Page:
Developer: Sanzaru Games Publisher(s): Sony Computer Entertainment Platform(s): Playstation 3, Playstation Vita Release Date: Feubary 5th, 2013 ESRB: E 10+ Note: This review is based on both versions, played simultaneously. After years of anticipation, fans can finally bring Sly Cooper and the gang home again. It has been almost 11 whole years since the last! Luckily, Sanzaru Games brings back the joy of quasi stealth platforming with some extremely interesting cross playing features with their systems. Players may notice Sly's brand new look, although noticeably weaker on Vita, still shows a fresh take on older hero. Despite the fact that a brand new company has taken the thieving raccoon's reigns, it feels like Sucker Punch is still there in heart. A funny, interactive, and charming universe awaits anyone willing to give it a try. Game play returns as solid as ever and veterans of the series will have little to no trouble readjusting. The combination of stealth, combat, and platforming proves to be a fresh and invigorating sensation. Sadly the game seemed to 'baby' the player maybe a little too much. Whenever gamers encounter something new, the game forces an awkward cut scene in which one of the Sly gang will explain to another the proper way of doing things. Now that might not seem like a huge problem at first, and certainly didn't to me, but as the game stretches on, new gadgets and items are purchased, or new characters are used, it definitely gets a bit annoying being told that X is used to jump. That being said though, it doesn't make any of the game's core mechanics any less appealing, or the hub worlds. Before starting any story related mission, the player is first thrown into a world that accurately portrays the different time line they might be visiting. This sense of freedom is almost overwhelming at first. The over worlds are expansive, detailed, riddled with items, clues and various secrets that when obtained open different unlockables for players to obtain. This alone made replaying levels and the game a must and a rather enjoyable sequence. Furthermore, when searching for these items, the cross play between the PS3 and Vita really shines. The PS3 version of the game actually has a feature in which the player can prop up their Vita (Which if the PS3 copy was purchased they'll have both anyway,) and use it as a sort of item detector. The hub worlds can be seen in an almost infrared vision, causing items to stand out more and make it easy to find them. Not bad for a free eh? It actually gets better! Sly Cooper: Thieves in Time has an incredible cloud upload and download feature, making the transition between the two effortless. Furthermore, for all the trophy hunters out there, both versions have separate trophy lists that will unlock at the same time upon downloading their file from the cloud. Nice to see someone actually supporting cross play effectively between the PS3 and Vita. The last thing worth mentioning has to be the story. Veterans of Sly 3 will instantly recognize where the story takes place...directly after the ending to the previous one to be exact! After 11 years players can finally learn what happened to Sly, how he lost his memories and how it all plays out when Carmelita realizes he's up to his thieving tricks again. The characters, the plot, the random movie references and pokes at humor are all like a breath of fresh air. It has been a long time since a game has felt this easy going, this easy to sit down and enjoy with out getting overly frustrated r worried about deep and convoluted plots. Not to mention it's nice to have almost all the same voice actors from the original Sly games from 11 years ago! Pros: +Engaging and easy to follow story +Open world and tons of freedom as well as replayable missions +Well crafted cross play and cross buy Cons: -Sometimes holds your hand too much -Noticeable graphic difference between PS3 and Vita -Too many Sanzaru Games logos everywhere! Overall: 8.0/10 Great Sly Cooper: Thieves in Time is a welcome entry to the long thought dead series, showing to everyone that platformers, especially one's with thieving raccoons are most certainly not dead. If you enjoyed this review, head on over to http://afgg.wordpress.com/ it'll really help us out if you dropped a like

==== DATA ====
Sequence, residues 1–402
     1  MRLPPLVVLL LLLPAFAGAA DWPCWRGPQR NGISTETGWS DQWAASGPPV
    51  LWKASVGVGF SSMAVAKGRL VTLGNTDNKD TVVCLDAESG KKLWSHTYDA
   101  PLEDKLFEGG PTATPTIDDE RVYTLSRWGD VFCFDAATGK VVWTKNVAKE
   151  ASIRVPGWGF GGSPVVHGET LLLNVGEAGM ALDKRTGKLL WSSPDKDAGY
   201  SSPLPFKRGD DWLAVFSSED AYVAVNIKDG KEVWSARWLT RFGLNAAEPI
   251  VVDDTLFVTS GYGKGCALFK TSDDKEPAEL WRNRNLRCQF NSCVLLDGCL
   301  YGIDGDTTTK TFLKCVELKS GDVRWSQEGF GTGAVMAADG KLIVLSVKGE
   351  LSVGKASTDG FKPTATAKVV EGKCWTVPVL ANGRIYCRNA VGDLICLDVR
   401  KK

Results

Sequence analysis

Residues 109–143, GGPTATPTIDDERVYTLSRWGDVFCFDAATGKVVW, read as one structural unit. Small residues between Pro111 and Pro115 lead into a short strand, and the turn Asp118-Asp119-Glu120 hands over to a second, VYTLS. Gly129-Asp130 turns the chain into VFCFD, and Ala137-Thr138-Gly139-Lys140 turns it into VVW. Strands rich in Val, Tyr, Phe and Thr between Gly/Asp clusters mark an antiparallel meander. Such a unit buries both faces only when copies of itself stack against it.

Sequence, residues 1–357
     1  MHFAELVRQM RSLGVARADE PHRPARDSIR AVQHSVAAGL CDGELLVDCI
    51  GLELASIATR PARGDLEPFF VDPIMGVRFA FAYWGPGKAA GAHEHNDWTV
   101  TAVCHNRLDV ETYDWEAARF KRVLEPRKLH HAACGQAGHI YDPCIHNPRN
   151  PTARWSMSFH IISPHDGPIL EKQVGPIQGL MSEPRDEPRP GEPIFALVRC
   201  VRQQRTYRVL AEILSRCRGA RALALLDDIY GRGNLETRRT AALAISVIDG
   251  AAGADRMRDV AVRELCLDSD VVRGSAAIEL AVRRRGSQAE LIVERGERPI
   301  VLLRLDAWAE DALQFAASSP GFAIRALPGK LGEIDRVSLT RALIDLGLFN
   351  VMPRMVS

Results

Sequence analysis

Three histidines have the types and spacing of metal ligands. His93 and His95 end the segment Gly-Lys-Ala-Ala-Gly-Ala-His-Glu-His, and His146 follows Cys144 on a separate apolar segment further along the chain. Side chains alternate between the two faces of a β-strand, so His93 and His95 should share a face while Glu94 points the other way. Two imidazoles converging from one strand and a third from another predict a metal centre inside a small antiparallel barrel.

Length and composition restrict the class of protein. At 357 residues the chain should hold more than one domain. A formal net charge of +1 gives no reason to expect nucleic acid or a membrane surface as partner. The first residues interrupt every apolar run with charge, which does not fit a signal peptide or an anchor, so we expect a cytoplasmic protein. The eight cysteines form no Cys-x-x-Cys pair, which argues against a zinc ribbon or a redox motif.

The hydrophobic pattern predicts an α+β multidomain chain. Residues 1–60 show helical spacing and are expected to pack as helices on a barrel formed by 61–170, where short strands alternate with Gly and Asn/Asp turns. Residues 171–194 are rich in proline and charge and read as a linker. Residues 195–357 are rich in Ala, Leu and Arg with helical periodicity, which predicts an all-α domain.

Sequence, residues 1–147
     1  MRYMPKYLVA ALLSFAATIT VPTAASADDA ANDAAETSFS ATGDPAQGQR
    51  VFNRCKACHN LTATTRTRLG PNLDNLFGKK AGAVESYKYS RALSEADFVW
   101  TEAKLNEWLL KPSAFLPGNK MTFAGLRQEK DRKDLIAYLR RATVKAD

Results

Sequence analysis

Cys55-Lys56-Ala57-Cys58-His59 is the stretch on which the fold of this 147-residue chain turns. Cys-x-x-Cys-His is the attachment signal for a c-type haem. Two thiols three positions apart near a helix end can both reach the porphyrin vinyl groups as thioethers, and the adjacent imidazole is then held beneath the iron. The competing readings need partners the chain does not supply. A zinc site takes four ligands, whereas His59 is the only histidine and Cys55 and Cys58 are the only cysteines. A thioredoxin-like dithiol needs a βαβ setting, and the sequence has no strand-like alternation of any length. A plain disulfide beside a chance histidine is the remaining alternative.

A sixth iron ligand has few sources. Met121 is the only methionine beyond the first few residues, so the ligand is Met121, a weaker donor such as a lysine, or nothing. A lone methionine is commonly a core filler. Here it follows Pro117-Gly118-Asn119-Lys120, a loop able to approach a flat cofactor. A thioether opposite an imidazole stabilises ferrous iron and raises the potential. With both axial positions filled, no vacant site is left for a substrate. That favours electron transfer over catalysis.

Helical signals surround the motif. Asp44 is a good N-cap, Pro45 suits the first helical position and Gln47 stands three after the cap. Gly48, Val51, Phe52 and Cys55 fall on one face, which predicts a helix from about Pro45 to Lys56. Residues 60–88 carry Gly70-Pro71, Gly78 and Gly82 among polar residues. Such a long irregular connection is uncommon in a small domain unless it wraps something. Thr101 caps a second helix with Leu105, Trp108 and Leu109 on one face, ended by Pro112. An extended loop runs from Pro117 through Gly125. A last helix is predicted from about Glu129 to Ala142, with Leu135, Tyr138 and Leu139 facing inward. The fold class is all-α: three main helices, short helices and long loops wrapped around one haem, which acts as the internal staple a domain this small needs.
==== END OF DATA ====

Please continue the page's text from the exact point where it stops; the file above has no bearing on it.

21. Developer: Hidden Path Entertainment/Ensemble Studios Publisher: Microsoft Studios Platform: PC Release Date: April 9th, 2013 Age of Empires has gone through a good number of games by now, including a spin-off or two (Age of Mythology, anyone?), but it hasn't really touched on its roots at all. That's changed now with the release of Age of Empires II HD on Steam this week. It boasts adding new features and a nice little coat of HD paint, but are they actually worthwhile additions to spend $20 on? I'll be honest- I've never played an Age of Empires game before. I did play (the fantastic) Age of Mythology quite extensively when I was younger, but that's a whole other diamond in the strategy game mine. The Age of Empires series, particularly the first 3 games, are simple to the core yet still incredibly fun to play. You try your hardest to take out the enemy, which can be AI bots, other players online, or a mix of the two. You build hordes of units to first collect resources for your soon-to-be mighty kingdom, and then either smash, diplomatically ally with, or sneak in a victory with your wonder against your opponents. There's tons of units, buildings, and civilizations to play as. Also, there are plenty of map choices, with randomization being the most fun option of course. I can definitely see why everyone and their pet horny toad seems to love this game, as I do too now! This new HD edition comes with some new and some old extra tidbits of course. Firstly, the Conquerors expansion pack is included, which basically adds to every aspect of the game. Next up is the general modernization of the game. It now runs on modern versions of Windows with no problems, has widescreen support, support for resolutions up to 1920x1080, and even support for multiple monitors. Oh! Who could forget the "HD" tag too? The lighting is improved apparently and the textures look a bit better. It's not awfully much but overall it is definitely much prettier to look at. Steam Workshop is included with the game to help making downloading or uploading maps, campaigns, and mods for the game loads easier than it was in the days of the 90s and early 2000s. I'm glad more games are using Steam Workshop, and this seems like a great canidate for it. At the cost of this comes a few things that did end up annoying me a bit. To start with, the graphics themselves haven't seen much of a "HD" change as to be expected by the title. It still looks great for a late 90s game, but an actual HD overhaul would've been great. The resolution also seemingly can't be changed, as it takes whatever your desktop resolution is. With this being an expanded version of an older game, I'd expect it to at least let you change what resolution you want the game at, but this is just a small nuisance really. I'd also like to say that the multiplayer is absolute gold in this game. There's a new system in place just for the HD version, and while I'm not sure how it differs from the original multiplayer system, it is certainly quite stable, if a bit laggy. Playing with a fellow GP buddy (Ludono), we had a cubic kilometer of fun in the few games we played. Each game takes multiple hours to finish usually, though it is possible to save and re-load games you've played with others luckily. The experiences we had were both ridiculous and awesome at the same time (have YOU ever seen massive armies of Spanish conquistadores plowing their way through anything in their way? I bet not!). There was only one time when we weren't really enjoying the game, and that was when we teamed up against 6 A.I. opponents who promptly ganged up on me early on in the game, forcing us to quit early and start anew. This was completely due to the randomization of the map though I think, as my buddy was on the opposite side of the fairly large map. However, every other moment of our time spent in the multiplayer portion of the game was very fun and we really enjoyed bashing each other's brains out in one game and then teaming up to fight fiercesome A.I. opponents the next. Anything goes in a game of tactics and while Age of Empires II HD isn't overly heavy on it, how you win (or don't!) is up to you. Is Age of Empires II HD still a worthwhile addition to the very prestigious series it's a part of? Definitely! The new additions might not be that huge, but they serve their purpose well for making the game actually playable on modern computers. The game is a classic by far, and while it may not be the most HD-realistic, ultra-modern portrayal of combat in the Middle Ages, it's still an incredibly fun one. Check it out here if you're interested: http://store.steampo...com/app/221380/ I give this game a: 9/10 Want to win a copy of the game? Register (if you haven't already) and comment below telling me your favorite strategy game of all time- or, if you don't have one, tell me your favorite ancient (let's say, pre-1500 A.D.) civilization! Contest ends Wednesday, April 17, 2013. Get entered now to win this great game before it's too late!